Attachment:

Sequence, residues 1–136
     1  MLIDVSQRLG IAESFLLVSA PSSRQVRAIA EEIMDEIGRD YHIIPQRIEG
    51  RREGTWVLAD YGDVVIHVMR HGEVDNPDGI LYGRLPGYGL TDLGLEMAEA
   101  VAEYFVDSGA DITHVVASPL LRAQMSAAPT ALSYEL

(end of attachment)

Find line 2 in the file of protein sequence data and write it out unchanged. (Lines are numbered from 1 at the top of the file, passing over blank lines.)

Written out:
     1  MLIDVSQRLG IAESFLLVSA PSSRQVRAIA EEIMDEIGRD YHIIPQRIEG